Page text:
In addition to the above capacitance ratio relationship, normally-on SiC JFETs have a threshold voltage as low as about −3 V in terms of device characteristics, so the potential at the gate Gj increases as shown in FIG. 12C (potential VGj). By doing so, the SiCJFET may be erroneously pointed, and there is a possibility that a short-circuit current IDP flows transiently between the drain terminal D and the source terminal S as shown in FIG. As described above, in Patent Document 2, when the switch element is used, since the Si-type MOSFET is always kept on, this short-circuit current IDP flows to the source terminal S of the switch element and causes a large loss. I understood. If the negative potential VKK (potential applied to the gate Gj) of the SiC JFET during standby is further lowered, there is a possibility that the problem of short-circuit current can be solved. However, in this case, since the potential difference between the gate and drain of the SiCJFET increases, if a surge potential exceeding the breakdown voltage of the SiCJFET element during switching occurs at the drain node of the SiCJFET in the lower arm, the SiCJFET element itself is destroyed. There is also a fear. In FIG. 12A, reference numerals 120 and 121 indicated by broken lines indicate semiconductor chips on which SiCJFET 123 and Si-type MOSFET 124 are respectively formed. As shown in FIG. 12, when the switch element SW2 is composed of the semiconductor chip 120 and the semiconductor chip 121, they are connected by, for example, bonding wires as in FIG. Therefore, a parasitic inductance L2 as shown by a broken line in FIG. 12 is formed. In the drawing of Patent Document 2, the semiconductor chip 120, the semiconductor chip 124, and the parasitic inductance L2 are not shown.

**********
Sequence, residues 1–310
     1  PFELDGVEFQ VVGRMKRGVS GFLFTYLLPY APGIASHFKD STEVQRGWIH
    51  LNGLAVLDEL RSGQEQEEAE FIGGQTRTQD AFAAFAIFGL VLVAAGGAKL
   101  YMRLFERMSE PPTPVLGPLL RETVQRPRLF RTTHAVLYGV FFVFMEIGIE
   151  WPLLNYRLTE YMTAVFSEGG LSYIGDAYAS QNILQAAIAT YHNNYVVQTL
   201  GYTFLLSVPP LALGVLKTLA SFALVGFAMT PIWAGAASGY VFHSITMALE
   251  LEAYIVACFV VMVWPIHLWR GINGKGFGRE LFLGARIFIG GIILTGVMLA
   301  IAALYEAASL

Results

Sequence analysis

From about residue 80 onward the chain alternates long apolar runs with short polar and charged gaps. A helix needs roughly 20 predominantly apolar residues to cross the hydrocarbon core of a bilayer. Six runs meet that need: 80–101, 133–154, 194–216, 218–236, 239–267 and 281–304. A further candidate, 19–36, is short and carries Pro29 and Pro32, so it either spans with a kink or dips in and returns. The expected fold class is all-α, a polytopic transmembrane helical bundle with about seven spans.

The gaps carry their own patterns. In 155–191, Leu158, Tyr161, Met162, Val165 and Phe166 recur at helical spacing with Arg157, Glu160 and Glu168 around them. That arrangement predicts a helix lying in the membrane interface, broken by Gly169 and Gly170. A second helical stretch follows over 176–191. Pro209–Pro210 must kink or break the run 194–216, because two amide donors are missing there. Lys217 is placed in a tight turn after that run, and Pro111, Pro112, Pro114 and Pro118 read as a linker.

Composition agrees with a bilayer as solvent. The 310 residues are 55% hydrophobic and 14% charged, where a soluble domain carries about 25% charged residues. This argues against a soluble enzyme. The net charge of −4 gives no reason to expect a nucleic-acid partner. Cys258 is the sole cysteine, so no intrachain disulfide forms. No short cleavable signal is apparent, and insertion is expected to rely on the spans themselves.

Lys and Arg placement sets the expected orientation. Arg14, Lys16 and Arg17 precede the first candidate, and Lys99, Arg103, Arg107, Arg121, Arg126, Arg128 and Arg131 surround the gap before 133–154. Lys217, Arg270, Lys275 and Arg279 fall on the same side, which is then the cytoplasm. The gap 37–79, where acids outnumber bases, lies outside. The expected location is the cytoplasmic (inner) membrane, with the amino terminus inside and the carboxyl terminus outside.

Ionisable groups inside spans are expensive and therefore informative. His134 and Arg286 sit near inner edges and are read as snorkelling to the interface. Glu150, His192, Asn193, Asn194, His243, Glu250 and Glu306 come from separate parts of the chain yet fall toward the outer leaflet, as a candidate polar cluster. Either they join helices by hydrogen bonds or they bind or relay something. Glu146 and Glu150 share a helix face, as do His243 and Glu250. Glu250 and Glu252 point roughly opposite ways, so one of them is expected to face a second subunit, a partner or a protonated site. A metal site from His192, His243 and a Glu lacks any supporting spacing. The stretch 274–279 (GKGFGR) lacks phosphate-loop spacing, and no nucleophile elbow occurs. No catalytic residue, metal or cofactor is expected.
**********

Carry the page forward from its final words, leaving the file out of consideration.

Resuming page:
Other problems and novel features will become apparent from the description of the specification and the accompanying drawings.

  A semiconductor device according to an embodiment includes a normally-off type silicon transistor and a normally-on type compound transistor that are cascade-connected to each other. Each of the silicon transistor and the compound transistor is driven separately based on one input signal so as to have a period in which both the silicon transistor and the compound transistor are off.